I apologize in advance for an apparently political post, but it is really about story telling.
People use stories to understand their world -- to boil it down to things they understand. No one can truly understand the global economy, though maybe some nobel prize winners get the gist of it. So people, and politicians in particular, tend to use paradigms they can understand. I think that human beings are in fact hard-wired to understand the world through stories, just as we're hard-wired to learn language. Otherwise the world is just too big.
But if you understand the world through the wrong story, you can get into trouble.
I read a piece yesterday about the "belt-tightening" paradigm
. In a recession, there's less money. If a family has less money, they need to spend less until they can make more money. Simple. Right? To spend more than you have is irresponsible.
The problem is, what if we're not a family? What if we're a village.
If a village is in a recession, what happens if everyone spends less money? The cobbler spends less money. He decides not to buy as many nails for his shoes. So now the blacksmith has less money. So he doesn't buy a pig to eat. So now the farmer has less money. So he doesn't buy new shoes. So now the cobbler has even less money...
And you get caught in a recessionary death spiral. Money doesn't circulate.
What happens if the government comes along and taxes everyone, and then spends their money for them, let's say by hiring everyone to fix the bridge over the creek? It takes money from the farmer, the cobbler and the blacksmith, and then it gives it back to them. Now they're all working full time, and spending full time.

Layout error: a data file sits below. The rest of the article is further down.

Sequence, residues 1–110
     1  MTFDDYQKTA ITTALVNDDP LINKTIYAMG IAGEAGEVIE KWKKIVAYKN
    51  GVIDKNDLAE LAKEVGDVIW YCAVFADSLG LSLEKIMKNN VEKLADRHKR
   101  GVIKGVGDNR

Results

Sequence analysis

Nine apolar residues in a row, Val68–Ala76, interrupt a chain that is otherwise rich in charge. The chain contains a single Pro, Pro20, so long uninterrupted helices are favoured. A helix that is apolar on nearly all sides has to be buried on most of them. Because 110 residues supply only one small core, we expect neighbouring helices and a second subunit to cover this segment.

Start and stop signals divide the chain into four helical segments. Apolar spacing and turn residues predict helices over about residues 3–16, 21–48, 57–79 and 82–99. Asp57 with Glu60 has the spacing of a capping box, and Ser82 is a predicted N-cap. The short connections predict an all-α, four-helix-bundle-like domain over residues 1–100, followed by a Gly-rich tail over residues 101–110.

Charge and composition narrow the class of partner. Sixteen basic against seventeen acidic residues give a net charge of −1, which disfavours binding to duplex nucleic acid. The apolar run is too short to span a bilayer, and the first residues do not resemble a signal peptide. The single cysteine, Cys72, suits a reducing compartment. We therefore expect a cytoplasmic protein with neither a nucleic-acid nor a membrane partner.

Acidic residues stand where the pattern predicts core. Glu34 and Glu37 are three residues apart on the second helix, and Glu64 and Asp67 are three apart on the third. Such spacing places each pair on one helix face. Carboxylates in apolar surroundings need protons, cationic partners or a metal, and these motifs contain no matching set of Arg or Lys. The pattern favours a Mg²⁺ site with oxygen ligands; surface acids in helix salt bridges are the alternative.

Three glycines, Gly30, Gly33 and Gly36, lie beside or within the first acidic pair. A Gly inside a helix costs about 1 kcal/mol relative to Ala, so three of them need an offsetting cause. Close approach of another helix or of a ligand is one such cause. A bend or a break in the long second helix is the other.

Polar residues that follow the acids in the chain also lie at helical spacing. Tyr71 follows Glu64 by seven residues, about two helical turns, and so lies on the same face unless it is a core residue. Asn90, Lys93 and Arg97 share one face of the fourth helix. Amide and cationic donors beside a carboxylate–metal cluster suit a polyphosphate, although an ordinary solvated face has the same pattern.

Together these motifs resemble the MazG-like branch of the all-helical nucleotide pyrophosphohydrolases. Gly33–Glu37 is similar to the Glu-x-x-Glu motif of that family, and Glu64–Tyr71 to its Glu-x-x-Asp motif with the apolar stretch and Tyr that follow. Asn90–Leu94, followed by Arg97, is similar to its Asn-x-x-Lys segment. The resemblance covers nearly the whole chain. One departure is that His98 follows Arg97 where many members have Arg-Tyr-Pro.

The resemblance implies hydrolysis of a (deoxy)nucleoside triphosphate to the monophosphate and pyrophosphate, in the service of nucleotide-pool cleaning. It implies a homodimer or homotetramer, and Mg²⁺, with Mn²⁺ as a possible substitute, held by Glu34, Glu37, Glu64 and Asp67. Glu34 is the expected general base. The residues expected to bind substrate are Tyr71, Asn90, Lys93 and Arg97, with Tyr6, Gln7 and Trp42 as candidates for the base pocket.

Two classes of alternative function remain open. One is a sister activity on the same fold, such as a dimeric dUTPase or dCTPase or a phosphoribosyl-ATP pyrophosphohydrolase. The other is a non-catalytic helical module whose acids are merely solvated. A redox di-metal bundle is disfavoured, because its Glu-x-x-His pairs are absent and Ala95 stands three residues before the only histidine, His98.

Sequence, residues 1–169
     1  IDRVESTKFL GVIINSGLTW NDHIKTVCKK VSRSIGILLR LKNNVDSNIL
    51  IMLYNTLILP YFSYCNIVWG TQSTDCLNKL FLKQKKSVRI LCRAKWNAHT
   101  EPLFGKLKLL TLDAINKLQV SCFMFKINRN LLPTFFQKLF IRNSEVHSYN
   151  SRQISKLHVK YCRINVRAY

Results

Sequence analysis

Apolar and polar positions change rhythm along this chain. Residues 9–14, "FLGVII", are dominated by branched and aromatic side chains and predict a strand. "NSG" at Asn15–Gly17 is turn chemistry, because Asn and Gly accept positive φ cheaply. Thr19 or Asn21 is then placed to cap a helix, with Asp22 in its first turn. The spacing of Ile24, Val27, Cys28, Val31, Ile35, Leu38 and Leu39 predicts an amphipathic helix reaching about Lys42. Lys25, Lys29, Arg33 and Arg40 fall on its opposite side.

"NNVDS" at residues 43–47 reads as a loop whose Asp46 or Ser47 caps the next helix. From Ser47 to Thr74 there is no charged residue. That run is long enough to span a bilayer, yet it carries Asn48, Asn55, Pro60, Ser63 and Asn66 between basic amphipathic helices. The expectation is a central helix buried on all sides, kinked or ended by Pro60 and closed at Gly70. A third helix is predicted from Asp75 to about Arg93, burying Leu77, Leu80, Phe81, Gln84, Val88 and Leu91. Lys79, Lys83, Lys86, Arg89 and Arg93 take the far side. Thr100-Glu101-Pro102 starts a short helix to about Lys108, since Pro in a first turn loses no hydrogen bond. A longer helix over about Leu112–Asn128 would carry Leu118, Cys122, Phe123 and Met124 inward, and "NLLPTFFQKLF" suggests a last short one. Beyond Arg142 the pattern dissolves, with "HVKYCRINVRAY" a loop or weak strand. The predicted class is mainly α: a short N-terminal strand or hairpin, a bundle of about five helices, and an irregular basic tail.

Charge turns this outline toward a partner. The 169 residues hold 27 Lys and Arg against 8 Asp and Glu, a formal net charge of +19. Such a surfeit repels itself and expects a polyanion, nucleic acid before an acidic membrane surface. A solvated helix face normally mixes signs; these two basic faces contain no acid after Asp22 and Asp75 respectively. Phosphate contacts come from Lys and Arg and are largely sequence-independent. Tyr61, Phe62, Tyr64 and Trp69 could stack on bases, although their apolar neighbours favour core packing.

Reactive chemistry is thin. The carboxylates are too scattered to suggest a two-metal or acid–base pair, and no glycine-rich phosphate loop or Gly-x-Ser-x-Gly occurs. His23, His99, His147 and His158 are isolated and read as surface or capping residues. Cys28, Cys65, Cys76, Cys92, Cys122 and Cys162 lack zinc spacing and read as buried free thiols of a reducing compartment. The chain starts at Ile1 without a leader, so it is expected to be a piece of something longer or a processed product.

Aha, but no one has enough money to pay their taxes, because they're in a recession? Okay, so the government borrows money from the Chinese village across the river. And pays everyone to fix the bridge. Soon, everyone is working and earning, and not in a recession any more. And now there are enough taxes to pay back the Chinese.
This is a slightly more complicated story than "when the family doesn't make enough money, everyone has to spend less." But there is a danger in boiling down the world to a story that is too simple. Because the world is not actually that simple.
For example, money. Money seems simple but it's not. The non-intuitive thing about money is that it isn't just the amount of dollar bills flowing around, it's how fast they flow. If I give you a dollar and then you give Joe a dollar and then he gives Delia a dollar, everyone gets to buy a dollar's worth of stuff. There's essentially three dollars in the economy. If I hold onto my dollar because I'm tightening my belt, I essentially take three dollars out of the economy.
At least that's what I remember from freshman economics.
Obviously, I am not someone you should consult about economics. Many smart people in the German government and the Tea Party are convinced that "belt-tightening" is just the thing.
But I do know that you have to be careful which stories you use to interpret the world. If you pick the wrong one, you'll do the wrong thing.
So maybe what this post is really about is the failure of the people in favor of spending more money to come up with a good story. It is not intuitive that you should tax and spend in the middle of a recession. It is not intuitive, to say the least, that the thing you should do when you have less money is spend more.